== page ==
When Charles Hardin Holley, better known to '50s rock 'n' roll aficionados as Buddy Holly, got picked up by Decca Records in 1956, they accidentally misspelled the soon-to-be-icon's last name on his contract. But the "aw, shucks" Lubbock, Texas-raised Buddy rolled with the punches, going on to use "Holly" as his stage name. Known for his signature black-rimmed glasses and vocal hiccups in songs like "Peggy Sue," "I love you Peggy Sue / with a love so rare and true-a-uue"--Holly's soulful rock 'n' roll influenced the genre for generations to come. Rock legends like the Beatles, Bob Dylan, the Rolling Stones and Bruce Springsteen have all called Holly an inspiration.
Many years after the tragic plane crash that killed Holly, Ritchie Valens and J. P. "The Big Bopper" Richardson in 1959, Holly's influence has continued to rave on. In 1971, musician Don McLean immortalized the crash as "the day the music died" in his signature song "American Pie." Years later, black spectacle-clad Weezer frontman Rivers Cuomo paid tribute to Holly on the college-kegger anthem "Buddy Holly."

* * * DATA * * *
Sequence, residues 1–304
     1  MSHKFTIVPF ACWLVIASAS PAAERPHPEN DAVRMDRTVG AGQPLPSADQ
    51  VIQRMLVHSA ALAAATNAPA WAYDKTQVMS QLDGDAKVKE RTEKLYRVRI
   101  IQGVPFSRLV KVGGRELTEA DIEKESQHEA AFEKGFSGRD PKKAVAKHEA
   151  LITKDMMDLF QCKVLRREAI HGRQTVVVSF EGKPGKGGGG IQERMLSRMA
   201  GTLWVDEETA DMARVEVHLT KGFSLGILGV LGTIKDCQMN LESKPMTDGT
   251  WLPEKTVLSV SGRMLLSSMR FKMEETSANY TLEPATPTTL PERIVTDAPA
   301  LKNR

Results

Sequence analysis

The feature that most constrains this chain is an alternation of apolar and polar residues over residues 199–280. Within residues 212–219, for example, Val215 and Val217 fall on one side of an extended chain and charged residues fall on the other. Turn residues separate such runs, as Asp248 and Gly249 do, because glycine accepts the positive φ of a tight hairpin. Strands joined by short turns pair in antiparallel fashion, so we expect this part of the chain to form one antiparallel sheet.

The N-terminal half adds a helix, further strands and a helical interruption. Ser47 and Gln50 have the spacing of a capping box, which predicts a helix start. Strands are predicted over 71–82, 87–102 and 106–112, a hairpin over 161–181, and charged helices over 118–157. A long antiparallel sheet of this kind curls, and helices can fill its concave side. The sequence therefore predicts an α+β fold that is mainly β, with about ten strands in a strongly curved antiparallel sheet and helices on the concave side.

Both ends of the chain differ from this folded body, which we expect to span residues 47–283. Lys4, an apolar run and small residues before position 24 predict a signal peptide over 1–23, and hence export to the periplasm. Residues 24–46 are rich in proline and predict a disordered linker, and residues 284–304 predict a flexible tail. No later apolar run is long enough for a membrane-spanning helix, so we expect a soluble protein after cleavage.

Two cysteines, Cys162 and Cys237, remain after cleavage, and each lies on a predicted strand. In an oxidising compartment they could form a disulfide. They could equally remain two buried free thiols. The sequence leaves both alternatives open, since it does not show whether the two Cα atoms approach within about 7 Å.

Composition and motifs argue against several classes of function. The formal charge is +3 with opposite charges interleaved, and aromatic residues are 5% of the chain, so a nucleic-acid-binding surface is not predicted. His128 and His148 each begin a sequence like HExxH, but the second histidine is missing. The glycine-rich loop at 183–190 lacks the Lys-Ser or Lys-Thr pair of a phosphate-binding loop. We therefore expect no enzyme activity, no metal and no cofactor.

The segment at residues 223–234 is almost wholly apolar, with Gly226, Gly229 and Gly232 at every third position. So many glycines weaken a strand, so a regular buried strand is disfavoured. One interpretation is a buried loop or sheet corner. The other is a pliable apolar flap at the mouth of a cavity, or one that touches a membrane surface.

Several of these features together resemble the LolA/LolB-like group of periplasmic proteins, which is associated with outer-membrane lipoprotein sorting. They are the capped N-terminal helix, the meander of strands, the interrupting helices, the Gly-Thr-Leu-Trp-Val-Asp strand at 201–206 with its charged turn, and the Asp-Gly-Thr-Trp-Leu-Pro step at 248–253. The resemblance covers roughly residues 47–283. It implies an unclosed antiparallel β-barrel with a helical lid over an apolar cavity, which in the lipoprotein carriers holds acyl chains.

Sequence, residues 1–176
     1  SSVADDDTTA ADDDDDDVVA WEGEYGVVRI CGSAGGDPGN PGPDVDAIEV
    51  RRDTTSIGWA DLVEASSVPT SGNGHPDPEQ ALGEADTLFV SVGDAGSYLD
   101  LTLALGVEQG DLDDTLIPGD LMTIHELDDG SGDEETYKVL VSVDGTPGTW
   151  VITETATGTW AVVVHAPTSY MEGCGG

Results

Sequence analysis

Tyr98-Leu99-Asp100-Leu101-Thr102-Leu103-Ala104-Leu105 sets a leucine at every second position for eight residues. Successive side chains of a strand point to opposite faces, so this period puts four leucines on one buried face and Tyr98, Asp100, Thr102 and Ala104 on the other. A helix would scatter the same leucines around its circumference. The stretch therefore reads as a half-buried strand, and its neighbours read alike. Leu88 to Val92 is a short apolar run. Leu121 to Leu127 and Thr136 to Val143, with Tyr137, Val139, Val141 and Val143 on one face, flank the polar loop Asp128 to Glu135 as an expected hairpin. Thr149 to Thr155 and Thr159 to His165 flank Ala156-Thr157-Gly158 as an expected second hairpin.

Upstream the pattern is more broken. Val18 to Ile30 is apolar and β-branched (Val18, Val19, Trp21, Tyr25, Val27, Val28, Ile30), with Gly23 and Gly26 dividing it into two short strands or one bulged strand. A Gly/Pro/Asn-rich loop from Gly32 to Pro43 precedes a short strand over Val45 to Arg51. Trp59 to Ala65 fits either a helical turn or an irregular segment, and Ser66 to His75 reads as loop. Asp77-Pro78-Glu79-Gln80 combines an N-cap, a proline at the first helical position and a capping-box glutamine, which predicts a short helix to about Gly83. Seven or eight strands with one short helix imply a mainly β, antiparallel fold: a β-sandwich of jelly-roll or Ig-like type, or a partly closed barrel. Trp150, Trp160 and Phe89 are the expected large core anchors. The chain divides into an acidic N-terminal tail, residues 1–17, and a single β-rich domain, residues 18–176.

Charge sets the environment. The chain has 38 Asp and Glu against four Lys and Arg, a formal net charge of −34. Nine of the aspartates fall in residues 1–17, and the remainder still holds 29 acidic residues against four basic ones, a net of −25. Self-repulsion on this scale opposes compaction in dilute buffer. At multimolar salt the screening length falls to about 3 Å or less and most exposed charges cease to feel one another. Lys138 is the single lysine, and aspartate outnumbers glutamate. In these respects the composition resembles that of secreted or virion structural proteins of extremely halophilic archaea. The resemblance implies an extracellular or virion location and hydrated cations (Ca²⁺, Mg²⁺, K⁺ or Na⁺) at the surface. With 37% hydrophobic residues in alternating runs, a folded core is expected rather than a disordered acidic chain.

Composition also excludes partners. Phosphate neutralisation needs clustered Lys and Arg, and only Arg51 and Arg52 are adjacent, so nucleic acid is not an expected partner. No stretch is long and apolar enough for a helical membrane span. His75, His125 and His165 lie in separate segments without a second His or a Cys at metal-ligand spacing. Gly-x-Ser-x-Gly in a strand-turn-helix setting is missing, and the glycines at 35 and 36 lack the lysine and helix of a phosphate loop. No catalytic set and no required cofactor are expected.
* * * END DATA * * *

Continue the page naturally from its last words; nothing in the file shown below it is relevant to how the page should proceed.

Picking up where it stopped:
But covers and homages are no longer enough to satiate the public's thirst for Holly. In the vein of Cirque du Soleil's glitzy Beatles production, Love, Buddy Holly has gotten his own splashy live show. From Hyperion Productions, the company that brought us A Closer Walk with Patsy Cline and Yesterday and Today, the Interactive Beatles Experience comes Rave On, the Buddy Holly Experience. Rave On will hit the Morrison Center on Friday, April 23, with impersonator Billy McGuigan on the mic and the six-piece Rave On band and horn section backing him up. Prepare for your heart to go piddle-dee-pat.
Friday, April 23, 7:30 p.m., $15-$30, Morrison Center for the Performing Arts, 1910 University Drive, 208-426-1609, hyperion-productions.com.